BEIRUT (Reuters) – A dispute over scarce fuel supplies ignited sectarian tensions between neighbouring Shi’ite Muslim and Christian villages in southern Lebanon over the weekend, forcing the army to intervene, a security source said.
Clashes mostly centred on the crippling gasoline and diesel shortages have become a daily occurrence in Lebanon, prompting growing concern about a descent into chaos after two years of financial meltdown.
Around six people were wounded in a dispute involving the Christian village of Maghdouche and Shi’ite Ankoun, the source said.
The incident spiralled when a Maghdouche resident filed a complaint to police after being injured during a dispute over fuel on Friday and police visited Ankoun to investigate.
Villagers blocked roads and burnt trees and troops were deployed, the source said. The situation was calm on Monday.
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The Shi’ite Amal movement, headed by Parliament Speaker Nabih Berri, condemned the violence, saying it had, “no relation in any way shape or form to what happened in Maghdouche”, denying accusations on social media of involvement.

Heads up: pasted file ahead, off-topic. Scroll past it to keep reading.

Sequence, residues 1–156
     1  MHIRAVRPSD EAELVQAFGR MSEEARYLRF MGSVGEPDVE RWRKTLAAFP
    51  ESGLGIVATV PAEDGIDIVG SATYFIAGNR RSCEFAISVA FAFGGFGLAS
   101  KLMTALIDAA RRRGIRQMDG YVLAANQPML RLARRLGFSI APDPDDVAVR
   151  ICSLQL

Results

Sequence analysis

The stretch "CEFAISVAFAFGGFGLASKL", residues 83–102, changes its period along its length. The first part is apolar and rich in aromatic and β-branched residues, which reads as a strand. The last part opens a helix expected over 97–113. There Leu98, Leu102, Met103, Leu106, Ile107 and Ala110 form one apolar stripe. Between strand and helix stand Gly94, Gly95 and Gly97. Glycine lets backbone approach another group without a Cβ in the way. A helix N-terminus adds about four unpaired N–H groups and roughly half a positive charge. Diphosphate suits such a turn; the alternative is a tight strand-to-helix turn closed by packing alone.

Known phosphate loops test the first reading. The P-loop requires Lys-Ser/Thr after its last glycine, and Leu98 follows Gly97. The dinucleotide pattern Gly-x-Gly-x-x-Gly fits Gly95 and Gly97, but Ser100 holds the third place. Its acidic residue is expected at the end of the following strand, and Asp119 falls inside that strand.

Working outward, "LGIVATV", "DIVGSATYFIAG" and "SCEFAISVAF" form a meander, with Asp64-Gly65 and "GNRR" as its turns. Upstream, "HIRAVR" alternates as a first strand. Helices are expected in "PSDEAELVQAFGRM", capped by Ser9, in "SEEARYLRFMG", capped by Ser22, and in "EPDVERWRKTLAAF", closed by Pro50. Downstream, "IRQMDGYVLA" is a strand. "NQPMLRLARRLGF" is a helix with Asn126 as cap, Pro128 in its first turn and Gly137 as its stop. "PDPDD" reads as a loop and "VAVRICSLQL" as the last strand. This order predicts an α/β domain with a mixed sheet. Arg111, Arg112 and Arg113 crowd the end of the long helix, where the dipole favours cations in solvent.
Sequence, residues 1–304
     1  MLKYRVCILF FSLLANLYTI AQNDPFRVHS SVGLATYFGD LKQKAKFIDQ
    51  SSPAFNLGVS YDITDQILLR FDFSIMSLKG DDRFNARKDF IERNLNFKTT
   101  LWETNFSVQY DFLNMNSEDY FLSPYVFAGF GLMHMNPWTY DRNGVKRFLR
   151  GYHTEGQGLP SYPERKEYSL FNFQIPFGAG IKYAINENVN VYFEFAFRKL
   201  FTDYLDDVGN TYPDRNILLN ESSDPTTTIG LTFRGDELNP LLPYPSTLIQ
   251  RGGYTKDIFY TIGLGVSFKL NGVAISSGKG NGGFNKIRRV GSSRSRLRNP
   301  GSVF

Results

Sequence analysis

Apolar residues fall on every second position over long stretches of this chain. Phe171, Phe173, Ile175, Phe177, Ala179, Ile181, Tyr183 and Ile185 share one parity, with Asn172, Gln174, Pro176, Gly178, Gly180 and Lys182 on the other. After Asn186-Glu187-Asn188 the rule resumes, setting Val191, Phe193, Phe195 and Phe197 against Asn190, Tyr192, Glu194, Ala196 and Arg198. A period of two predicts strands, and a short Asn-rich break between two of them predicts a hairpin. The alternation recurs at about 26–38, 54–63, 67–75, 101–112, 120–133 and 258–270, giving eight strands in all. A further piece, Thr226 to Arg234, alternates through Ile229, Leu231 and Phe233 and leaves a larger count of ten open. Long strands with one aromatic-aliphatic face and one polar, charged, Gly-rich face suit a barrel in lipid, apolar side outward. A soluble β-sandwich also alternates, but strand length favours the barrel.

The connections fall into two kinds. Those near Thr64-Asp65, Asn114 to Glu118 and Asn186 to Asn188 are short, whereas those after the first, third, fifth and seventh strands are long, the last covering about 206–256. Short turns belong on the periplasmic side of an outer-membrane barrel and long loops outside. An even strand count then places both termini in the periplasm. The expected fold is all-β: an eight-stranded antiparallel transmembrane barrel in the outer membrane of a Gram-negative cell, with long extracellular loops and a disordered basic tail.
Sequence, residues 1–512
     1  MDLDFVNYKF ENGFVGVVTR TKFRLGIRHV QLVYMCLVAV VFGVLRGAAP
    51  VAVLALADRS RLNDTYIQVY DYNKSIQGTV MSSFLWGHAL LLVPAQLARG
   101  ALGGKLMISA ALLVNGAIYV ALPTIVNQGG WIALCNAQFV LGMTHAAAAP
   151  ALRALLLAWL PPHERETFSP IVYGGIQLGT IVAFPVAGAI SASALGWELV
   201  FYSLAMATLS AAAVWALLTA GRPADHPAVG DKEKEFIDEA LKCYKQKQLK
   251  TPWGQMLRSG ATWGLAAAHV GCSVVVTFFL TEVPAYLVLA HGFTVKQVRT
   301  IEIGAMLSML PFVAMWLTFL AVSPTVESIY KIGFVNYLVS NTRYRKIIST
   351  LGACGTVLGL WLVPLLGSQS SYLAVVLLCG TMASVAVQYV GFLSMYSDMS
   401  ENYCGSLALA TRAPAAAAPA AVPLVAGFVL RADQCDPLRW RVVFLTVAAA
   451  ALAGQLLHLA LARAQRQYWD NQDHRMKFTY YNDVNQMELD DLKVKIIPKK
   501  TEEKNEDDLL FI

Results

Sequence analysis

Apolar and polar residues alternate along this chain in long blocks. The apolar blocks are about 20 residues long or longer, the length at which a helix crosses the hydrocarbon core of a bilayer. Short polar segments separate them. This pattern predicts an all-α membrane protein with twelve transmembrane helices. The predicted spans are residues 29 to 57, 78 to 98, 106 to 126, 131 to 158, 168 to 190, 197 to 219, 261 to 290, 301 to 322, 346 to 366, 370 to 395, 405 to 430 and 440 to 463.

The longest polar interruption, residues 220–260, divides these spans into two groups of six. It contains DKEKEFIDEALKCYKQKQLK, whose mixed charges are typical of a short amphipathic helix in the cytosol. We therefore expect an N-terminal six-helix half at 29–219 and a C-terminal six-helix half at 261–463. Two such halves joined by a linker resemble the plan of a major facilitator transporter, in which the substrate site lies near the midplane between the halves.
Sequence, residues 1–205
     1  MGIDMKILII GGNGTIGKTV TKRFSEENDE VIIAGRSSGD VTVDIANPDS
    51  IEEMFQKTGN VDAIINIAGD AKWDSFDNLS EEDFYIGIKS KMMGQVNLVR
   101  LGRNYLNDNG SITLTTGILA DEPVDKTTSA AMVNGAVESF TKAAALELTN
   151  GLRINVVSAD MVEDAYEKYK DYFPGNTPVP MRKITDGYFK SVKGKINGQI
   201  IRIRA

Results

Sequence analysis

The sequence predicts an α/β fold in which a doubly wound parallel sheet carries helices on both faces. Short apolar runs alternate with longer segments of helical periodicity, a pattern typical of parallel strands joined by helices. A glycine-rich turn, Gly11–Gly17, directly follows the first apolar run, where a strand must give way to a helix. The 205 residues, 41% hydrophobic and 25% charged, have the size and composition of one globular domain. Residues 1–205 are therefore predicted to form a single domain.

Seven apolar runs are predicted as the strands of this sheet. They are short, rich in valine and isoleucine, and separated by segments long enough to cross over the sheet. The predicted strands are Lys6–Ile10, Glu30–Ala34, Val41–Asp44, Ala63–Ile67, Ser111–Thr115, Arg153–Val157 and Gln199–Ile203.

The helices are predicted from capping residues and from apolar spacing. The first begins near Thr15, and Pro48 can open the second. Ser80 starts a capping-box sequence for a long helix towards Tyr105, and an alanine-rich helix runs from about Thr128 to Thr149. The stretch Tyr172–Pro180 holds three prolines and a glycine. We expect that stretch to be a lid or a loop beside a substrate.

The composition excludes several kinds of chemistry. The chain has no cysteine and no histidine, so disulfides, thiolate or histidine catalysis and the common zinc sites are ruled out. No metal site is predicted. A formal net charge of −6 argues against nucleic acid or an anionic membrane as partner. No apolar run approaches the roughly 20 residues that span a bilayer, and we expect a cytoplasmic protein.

The financial meltdown, which has seen the currency sink by more than 90% in two years and forced more than half of the population into poverty, entered a new phase this month as the fuel shortages brought much of Lebanon to a standstill.
The state’s most senior Sunni Muslim cleric, Grand Mufti Sheikh Abdul Latif Derian, said on Friday Lebanon was heading towards complete collapse unless action was taken to remedy the crisis.
The financial meltdown has been compounded by political paralysis, the country being without a government since the last one resigned in the aftermath of last year’s Beirut port blast.
Prime Minister-designate Najib Mikati, the third to attempt to form a cabinet since the last one resigned, said on Friday there were grave hurdles complicating the process.
(Writing By Maha El Dahan; Editing by Tom Perry and Nick Macfie)
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